Midwives, in thrall to ideology, discourage pain reliefNatural childbirth: whose birth plan is it anyway? in the Sunday Telegraph is a fascinating exposition of the rise and tyranny of the philosophy and fabricated claims of Grantly Dick-Read":
As any woman with children knows, the politics of childbirth are so highly charged they make infighting between Labour and the Tories look like a teddy bears' picnic...Belinda Phipps not only acknowledges the stance of the these midwives, but supports it:
Maureen Treadwell of the Birth Trauma Association ... says that far too often ideology takes precedence over individuals' needs. 'The consequences can be unbelievably cruel...'
At the heart of much of the argument are the philosophies of Grantly Dick-Read, a British obstetrician who was convinced that much of labour pain came from society conditioning women to expect it. His 1942 classic Childbirth Without Fear expounded his belief that women educated to be free of fear and tension would experience birth as a 'normal and natural defecation'...
Dick-Read became the first president of the Natural Childbirth Trust ... [which] later became the National Childbirth Trust ... Yet Treadwell believes they may also encourage an unnecessarily stoic attitude. '... I have noticed that several midwives who have gone down its route believe pain relief leads to a cascade of interventions, when with modern techniques there is little evidence to back this.'
... Belinda Phipps, the NCT's chief executive, defends such a stance. 'A lot of women who feel they are denied an epidural are on the verge of starting to push the baby out and don't actually need one any more... [A]n experienced midwife will know she's actually getting ready to push and persuade her to wait a few more minutes... Afterwards most women are very pleased they were coaxed into holding out.'Not suprisingly, many women are outraged that their wishes are being ignored in favor of the midwives' ideology:
... 'I talk to women who have been left screaming in agony because they were either not offered or were refused pain relief,' Treadwell says. 'Afterwards, they've needed psychological help, their relationships have been scarred, they've been afraid of getting pregnant again, they don't bond with their babies.' Figures compiled recently by The Sunday Telegraph showed epidural rates vary hugely between hospitals; medical experts said the low use of epidurals at dozens of hospitals was 'extremely disturbing'.The government, in a transparent attempt to save money, is encouraging homebirths and discouraging pain relief:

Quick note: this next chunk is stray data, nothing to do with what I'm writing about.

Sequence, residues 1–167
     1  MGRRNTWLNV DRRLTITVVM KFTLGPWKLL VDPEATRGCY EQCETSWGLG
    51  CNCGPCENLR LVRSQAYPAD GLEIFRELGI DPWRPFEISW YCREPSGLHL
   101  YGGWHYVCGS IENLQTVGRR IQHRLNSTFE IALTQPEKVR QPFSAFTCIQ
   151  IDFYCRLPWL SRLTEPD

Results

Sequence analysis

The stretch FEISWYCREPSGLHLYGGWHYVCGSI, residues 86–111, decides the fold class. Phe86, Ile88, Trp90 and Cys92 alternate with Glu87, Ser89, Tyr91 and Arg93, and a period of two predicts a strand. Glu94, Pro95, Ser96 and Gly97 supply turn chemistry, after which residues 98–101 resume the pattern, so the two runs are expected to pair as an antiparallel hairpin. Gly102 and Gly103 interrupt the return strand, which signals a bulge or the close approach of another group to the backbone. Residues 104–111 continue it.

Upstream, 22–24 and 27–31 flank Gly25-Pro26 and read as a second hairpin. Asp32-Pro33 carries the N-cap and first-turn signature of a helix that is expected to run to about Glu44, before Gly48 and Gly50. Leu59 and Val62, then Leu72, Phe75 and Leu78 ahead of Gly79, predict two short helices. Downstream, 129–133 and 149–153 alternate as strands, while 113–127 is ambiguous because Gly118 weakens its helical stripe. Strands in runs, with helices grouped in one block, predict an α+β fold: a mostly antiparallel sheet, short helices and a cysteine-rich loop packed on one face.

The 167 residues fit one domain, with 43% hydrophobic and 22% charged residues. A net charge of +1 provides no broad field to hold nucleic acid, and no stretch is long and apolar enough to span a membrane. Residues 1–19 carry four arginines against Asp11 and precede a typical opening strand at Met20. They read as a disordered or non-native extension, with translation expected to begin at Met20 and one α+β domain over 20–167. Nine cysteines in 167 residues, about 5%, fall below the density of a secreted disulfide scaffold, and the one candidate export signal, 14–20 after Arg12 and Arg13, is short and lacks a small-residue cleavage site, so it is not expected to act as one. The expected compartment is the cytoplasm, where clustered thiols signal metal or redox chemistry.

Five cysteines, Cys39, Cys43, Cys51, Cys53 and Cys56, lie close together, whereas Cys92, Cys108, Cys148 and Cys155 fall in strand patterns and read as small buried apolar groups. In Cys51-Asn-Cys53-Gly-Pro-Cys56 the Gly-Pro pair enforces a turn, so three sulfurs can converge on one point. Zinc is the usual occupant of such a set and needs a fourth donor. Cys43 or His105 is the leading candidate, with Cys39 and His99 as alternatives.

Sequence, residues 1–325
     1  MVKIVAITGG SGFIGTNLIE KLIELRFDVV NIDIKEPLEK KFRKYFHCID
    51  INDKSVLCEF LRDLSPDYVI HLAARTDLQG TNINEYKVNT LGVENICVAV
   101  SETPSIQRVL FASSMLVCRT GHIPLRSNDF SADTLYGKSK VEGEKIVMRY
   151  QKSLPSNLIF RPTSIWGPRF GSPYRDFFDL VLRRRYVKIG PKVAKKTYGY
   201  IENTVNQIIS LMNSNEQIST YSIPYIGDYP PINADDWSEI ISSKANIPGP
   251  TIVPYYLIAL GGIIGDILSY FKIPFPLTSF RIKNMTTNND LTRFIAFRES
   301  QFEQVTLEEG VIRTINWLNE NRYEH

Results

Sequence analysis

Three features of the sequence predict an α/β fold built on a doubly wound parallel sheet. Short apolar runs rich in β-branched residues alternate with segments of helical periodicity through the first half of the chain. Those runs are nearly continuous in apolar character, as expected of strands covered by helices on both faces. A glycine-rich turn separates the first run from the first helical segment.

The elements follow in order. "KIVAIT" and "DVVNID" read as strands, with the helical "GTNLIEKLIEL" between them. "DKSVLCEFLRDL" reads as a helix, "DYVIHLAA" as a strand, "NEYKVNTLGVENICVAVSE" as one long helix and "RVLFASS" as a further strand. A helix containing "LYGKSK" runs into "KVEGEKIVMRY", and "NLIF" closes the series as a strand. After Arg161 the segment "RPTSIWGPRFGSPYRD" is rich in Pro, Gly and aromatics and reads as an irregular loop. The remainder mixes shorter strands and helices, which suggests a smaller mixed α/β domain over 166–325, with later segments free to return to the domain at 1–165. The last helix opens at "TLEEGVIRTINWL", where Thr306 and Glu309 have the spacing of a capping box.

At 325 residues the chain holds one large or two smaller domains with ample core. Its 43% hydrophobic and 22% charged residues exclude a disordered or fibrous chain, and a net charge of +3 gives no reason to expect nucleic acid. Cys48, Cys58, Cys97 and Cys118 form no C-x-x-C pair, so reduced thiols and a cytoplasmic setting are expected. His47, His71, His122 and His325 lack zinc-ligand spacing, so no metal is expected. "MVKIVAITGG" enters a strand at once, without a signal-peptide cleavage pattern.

In Britain the number of home births has risen from a low of one per cent in the 1980s to nearly three per cent today, a trend that the government seems eager to assist. Last year it announced a target of ten per cent home births by 2009. Yet Treadwell is dubious that such initiatives correspond with actual demand: 'In Wales they've had a ten per cent target for home births for a while, but the figure sticks at less than four per cent, which probably reflects the number of women who actually want them...'The ultimate irony, as I've pointed out many times, is that Grantly Dick-Read was a racist and a sexist who made up his claim of painless childbirth in order to encourage women of the "better" classes to have more children. Dick-Read, deeply influenced by the eugenicists of the early 20th century, was concerned about "race suicide" if the "inferior" races had more children than middle and upper middle class white people. Dick-Read's claims about primitive women and childbirth have their origin in sexist philosophies of labor pain as punishment for women who didn't know their place, and racist theories that "primitive" women were hypersexualized, understood their "place" in relation to men, and therefore had painless childbirth.
The result, Treadwell says, is that the government is discouraging pain relief when more and more women need it... I talked recently to an American obstetrician who was appalled at how our hospitals are praised for their low rates of pain relief. What about the suffering women? This is the 21st century, for heaven's sake.'